Exercise Improves Gut Health...Plus 10 More Motivating Reasons to Be Active Daily
Updated: Dec 6, 2021
Everyone knows that exercise is “good for you,” but many don’t realize the significant ways it benefits our body and mind!
Scientific research continues to provide us with more reasons to move our body every day. There is a new health benefit added to the list, plus ten more reasons why exercise should be included in our daily schedule if we want to feel our best…
Exercise…What’s In It For Me?
1. Improves gut health.
Recent research has shown that exercise can improve the gut microbiome by increasing the diversity and number of healthy microbes in the GI tract that support normal digestion. Gut health problems typically involve microbial imbalance in the GI tract, where the unhealthy microbes outnumber the healthy ones. Exercise can be added to dietary strategies to optimize the gut microbiome. This may benefit a wide range of digestive disorders, including chronic bloating, constipation, irritable bowel syndrome (IBS), inflammatory bowel disease (IBD), Crohn’s disease, and other digestive problems.
2. Increases energy.
Both low and moderate intensity exercise have been shown to increase energy and reduce fatigue. One study showed a 20 percent increase in energy and 65 percent decrease in fatigue score by sedentary subjects performing low intensity exercise over a 6-week period. Think about skipping that afternoon cup of coffee and going for a walk instead.
3. Promotes better mental focus.
Many studies support an improvement in cognitive function with regular aerobic exercise. Research indicates that the part of the brain that is responsible for memory and learning, the hippocampus, is larger in people who engage in regular aerobic exercise. One study showed an increase in this area of the brain after only 6 weeks of regular aerobic activity. Furthermore, this area of the brain was shown to decrease after 6 weeks of being sedentary.
4. Improves weight management results.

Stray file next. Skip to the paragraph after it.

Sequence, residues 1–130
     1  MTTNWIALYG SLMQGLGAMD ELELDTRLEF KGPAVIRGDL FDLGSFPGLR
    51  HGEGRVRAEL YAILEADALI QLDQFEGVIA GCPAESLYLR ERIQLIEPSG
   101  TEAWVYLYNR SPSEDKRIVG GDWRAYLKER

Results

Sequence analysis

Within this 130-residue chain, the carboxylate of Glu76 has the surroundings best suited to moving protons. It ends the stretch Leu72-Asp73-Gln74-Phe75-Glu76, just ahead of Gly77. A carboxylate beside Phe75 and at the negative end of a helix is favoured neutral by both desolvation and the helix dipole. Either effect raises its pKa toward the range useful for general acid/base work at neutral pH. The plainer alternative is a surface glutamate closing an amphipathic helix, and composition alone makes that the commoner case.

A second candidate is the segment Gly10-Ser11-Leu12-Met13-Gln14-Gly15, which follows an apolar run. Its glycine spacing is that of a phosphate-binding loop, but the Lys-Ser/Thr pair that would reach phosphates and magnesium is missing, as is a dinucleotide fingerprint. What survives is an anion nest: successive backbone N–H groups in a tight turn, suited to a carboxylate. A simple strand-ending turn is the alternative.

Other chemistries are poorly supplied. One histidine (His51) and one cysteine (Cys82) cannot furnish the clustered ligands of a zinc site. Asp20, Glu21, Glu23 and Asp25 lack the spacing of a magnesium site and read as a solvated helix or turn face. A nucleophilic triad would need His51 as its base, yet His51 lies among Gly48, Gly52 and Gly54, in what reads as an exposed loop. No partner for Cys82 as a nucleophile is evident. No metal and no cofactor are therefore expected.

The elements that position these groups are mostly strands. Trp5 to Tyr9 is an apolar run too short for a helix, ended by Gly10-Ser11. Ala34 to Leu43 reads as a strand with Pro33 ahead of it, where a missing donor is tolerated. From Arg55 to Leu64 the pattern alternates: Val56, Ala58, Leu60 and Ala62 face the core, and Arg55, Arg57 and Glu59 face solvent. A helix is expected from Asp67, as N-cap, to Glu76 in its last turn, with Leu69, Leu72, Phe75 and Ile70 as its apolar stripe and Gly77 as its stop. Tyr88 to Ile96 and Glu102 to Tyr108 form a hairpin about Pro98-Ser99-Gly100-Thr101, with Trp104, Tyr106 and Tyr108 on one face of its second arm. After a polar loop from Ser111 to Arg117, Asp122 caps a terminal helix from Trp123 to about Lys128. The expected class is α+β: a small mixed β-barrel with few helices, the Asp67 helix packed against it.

The majority of people who lose weight and are able to keep it off long term incorporate both dietary and exercise strategies. The key here is keeping the weight off. Dietary change alone can promote short-term weight loss, but without regular exercise, weight regain is likely to happen. Regular exercise can also prevent age-related weight gain as metabolism begins to slow down.
5. Promotes muscle mass development or maintenance.
Muscles do not increase in size unless they are challenged. A combination of aerobic and strength training exercise can help build or maintain muscle mass. After the age of 30, you can lose as much as 3-8 percent of your muscle mass per decade. While this is a natural process of aging, exercise can help prevent age-related muscle loss while allowing for muscle maintenance or building strength.
6. Keeps the heart and cardiovascular system strong.
We have known for a long time that aerobic exercise benefits heart and overall cardiovascular function. However, newer research has shown that strength training also provides cardiovascular benefits, including improved blood pressure and blood lipid profiles.
7. Improves immune system function.
Studies show that regular moderate intensity exercise can support healthy immune system function. Keeping the intensity at a moderate level appears to be important for optimal immune support as studies show that prolonged high intensity training can suppress immune system function. Elite athletes report greater illness, such as upper respiratory infections during intense training periods. Therefore, moderate intensity should be the target for the average active person.
8. Improves and helps maintain bone density.
Weight-bearing and resistance exercise can help build stronger bones. Bone density naturally declines as we age, but we can prevent excessive bone loss and the development of osteoporosis with proper nutrition and any type of exercise that has some impact on our bones. This includes, but is not limited to activities such as walking, jogging, hiking, tennis, basketball, and weight training.
9. Reduces risk of cancer.
Exercise has been shown in studies to reduce the risk of cancer and inhibit tumor growth. Cancer prevention is the primary goal; however, research shows improved cancer survival in those who exercise even after receiving a cancer diagnosis. Exercise has been shown to improve tolerance of cancer treatment and improve quality of life in cancer survivors. It is never too late to start an exercise program.